An extensive and growing body of research points to numerous disparities in health communication outcomes as a function of LEP status, as traditionally measured by the U.S. Census. Patients who are designated LEP have been found to be less likely to access routine primary or preventive care, are more likely to score lower on assessment of health knowledge and understanding of diagnosis or treatment, and are more likely to suffer from medical errors than those who speak English well. Patients labeled LEP have been shown to experience longer hospital stays and are subsequently at greater risk of line infections, surgical infections, falls, and pressure ulcers than English-speaking patients with the same clinical conditions (Betancourt & Tan-McGrory, 2014; Germaine-McDaniel, 2010; Jacobs et al., 2006). Studies also have shown that patients with LEP status are less likely to comprehend patient–doctor communication, to understand consent procedures, to adhere to treatment instructions, and to report positive levels of patient satisfaction (Aspden, Wolcott, Bootman, & Cronenwett, 2007; Patel et al., 2016). The Health Research and Educational Trust (HRET) has reported that 80% of hospitals encounter LEP-designated patients “frequently” (meaning at least monthly), which reflects an increasing strain on the healthcare system’s resources (Germaine-McDaniel, 2010).

Studies point to a direct relationship between patients’ linguistic needs and their safety and health outcomes (Ashton, 2012; van Rosse, de Bruijne, Suurmond, Essink-Bot, & Wagner, 2016). Many hospitals, nationally and internationally, also recognize this as a risk and concern, yet few monitor their patient safety data by language. Errors related to LEP are not disaggregated from general communication errors as the cause, which makes it hard to understand the needs of LEP patients in different subgroups (Wasserman et al., 2014). In addition, multilingualism is a highly complex phenomenon: the language use of patients and providers in a cross-linguistic, cross-cultural context reflects a constellation of variables, making it difficult to tease apart contributors to miscommunication. Limited English proficiency, as defined by the U.S. Census or determined using health literacy measurement tools, does not take into account this complexity.

LEP as an Outdated Label in Today’s Globalizing World

The unquestioned acceptance of limited English proficiency as the measure of linguistic barriers is hardly surprising, given the enduring struggle to shed an English-only bias in U.S. education, healthcare, and the workplace, a bias that privileges English proficiency over an emerging multilingualism. However, sociolinguists, such as François Grosjean (2010), point out that multilinguals—referring to people who go about their lives using two or more languages—are the norm in many parts of the world, including among the approximately 50 million bi/multilinguals living in the United States today. Another outdated assumption is that bi/multilingualism is a phenomenon that begins in childhood. In fact, because of dynamic shifts in migration and human mobility, there are increasing numbers of adults and adolescents who develop their multilingualism later in life. This multilingualism is a result of many forces, including immigration (by choice, forced circumstances, or some combination thereof), marriage, work, education, or contact with diverse linguistic and cultural communities. In light of these trends, there is increasing attention in sociolinguistics and immigration studies on movement across languages (including, but not limited to, English) as a normative component of the acculturation and social integration process of linguistically diverse communities (Portes, Guarnizo, & Landolt, 1999; Risager, 2007). However, these theoretical and research insights have yet to be fully integrated into health communication theory and risk messaging design efforts.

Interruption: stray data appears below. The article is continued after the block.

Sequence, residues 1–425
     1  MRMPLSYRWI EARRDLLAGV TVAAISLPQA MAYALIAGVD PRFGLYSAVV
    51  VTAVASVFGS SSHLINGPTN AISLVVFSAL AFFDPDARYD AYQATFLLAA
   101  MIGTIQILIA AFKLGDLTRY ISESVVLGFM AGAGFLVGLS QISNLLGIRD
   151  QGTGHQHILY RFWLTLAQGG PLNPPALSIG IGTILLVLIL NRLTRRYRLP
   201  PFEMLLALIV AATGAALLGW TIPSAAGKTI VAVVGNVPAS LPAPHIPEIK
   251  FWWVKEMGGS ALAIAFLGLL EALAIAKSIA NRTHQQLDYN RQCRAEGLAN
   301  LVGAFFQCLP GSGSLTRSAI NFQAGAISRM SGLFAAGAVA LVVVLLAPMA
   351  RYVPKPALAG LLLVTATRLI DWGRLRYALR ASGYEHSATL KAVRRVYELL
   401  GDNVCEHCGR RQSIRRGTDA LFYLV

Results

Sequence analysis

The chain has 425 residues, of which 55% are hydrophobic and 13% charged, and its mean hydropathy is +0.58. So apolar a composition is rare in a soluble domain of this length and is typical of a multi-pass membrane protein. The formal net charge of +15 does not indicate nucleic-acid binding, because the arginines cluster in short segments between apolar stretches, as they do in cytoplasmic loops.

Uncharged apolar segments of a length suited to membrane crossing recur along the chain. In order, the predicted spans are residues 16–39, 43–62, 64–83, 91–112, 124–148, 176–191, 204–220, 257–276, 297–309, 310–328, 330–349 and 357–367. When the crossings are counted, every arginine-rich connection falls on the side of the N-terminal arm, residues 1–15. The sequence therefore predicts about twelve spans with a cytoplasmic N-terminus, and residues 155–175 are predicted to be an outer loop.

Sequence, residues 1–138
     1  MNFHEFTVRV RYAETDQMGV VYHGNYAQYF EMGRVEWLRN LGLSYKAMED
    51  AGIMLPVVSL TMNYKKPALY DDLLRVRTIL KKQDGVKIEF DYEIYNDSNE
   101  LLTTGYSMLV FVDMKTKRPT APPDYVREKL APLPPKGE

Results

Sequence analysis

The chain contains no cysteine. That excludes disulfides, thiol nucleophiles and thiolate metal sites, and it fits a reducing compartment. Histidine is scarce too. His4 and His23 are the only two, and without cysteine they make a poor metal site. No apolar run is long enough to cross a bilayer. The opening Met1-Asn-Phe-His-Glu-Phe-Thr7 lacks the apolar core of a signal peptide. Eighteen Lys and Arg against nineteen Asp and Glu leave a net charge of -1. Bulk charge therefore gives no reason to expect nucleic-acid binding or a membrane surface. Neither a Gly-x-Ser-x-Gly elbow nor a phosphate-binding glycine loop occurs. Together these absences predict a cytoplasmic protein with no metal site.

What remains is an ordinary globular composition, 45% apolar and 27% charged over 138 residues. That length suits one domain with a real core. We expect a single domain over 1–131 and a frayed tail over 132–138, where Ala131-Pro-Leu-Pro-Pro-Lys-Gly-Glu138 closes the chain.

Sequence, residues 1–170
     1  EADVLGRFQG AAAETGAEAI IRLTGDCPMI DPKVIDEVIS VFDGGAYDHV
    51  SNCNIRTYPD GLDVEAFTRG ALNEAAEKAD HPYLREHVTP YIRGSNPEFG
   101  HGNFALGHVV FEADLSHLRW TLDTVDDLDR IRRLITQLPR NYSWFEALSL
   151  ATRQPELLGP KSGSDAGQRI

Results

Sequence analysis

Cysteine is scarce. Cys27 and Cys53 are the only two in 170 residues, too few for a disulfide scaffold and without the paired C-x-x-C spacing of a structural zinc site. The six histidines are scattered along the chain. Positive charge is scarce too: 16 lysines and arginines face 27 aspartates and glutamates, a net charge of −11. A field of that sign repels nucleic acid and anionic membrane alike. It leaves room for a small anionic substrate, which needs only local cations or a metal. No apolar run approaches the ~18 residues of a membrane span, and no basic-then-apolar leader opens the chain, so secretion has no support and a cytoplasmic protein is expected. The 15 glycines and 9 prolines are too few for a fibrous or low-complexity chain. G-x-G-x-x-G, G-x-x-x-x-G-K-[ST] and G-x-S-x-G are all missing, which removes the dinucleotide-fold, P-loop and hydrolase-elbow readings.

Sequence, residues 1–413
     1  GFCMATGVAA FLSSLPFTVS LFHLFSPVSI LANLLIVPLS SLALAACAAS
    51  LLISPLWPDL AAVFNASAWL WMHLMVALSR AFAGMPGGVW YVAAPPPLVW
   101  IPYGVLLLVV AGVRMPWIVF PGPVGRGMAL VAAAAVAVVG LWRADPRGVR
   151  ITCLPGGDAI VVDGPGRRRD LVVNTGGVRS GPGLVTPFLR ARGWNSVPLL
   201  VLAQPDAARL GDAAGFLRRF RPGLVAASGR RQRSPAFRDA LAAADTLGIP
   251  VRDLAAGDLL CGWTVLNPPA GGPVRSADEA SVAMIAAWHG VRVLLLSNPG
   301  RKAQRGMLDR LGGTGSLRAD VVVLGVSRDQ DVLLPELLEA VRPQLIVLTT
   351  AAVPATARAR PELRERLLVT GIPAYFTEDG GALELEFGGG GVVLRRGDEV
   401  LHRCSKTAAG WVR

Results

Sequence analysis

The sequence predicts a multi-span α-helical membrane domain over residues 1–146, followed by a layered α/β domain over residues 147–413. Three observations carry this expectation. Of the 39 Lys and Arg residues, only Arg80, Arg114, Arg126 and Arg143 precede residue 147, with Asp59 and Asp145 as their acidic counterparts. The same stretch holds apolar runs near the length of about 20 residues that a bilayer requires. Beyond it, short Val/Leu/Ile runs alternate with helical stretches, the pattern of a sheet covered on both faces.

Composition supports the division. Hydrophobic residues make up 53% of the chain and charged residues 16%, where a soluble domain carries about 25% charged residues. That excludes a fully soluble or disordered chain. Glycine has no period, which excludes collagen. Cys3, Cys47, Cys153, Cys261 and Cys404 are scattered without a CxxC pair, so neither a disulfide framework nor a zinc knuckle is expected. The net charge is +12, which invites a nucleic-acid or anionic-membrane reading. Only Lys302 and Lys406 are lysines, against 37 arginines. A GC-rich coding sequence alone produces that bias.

While the negative effects of limited proficiency in English have been widely documented in risk messaging and health communication research, the processes by which LEP patients actually come to understand risk messages, seeking out health information from different social networks and resources in different languages, remain poorly researched and understood. As a result, the English-only bias tends to disqualify the possibility that, for many LEP-designated populations, health communication represents a multilingual, multimodal capacity, as patients may make use of multiple linguistic resources, multiple platforms (e.g., clinical interactions, personal and professional connections, social media), and multiple sociocultural cues to seek out health information, interpret risk messages, and make informed healthcare decisions.